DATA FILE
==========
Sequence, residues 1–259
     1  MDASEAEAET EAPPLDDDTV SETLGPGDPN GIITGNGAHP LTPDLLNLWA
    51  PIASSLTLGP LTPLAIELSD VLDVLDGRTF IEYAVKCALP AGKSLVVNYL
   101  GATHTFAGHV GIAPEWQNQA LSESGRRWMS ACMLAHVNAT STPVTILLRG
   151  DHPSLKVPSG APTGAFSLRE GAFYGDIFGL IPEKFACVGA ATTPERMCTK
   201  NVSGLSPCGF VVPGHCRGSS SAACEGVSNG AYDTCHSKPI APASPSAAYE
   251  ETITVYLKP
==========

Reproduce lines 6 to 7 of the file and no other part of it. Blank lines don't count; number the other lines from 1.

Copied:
   201  NVSGLSPCGF VVPGHCRGSS SAACEGVSNG AYDTCHSKPI APASPSAAYE
   251  ETITVYLKP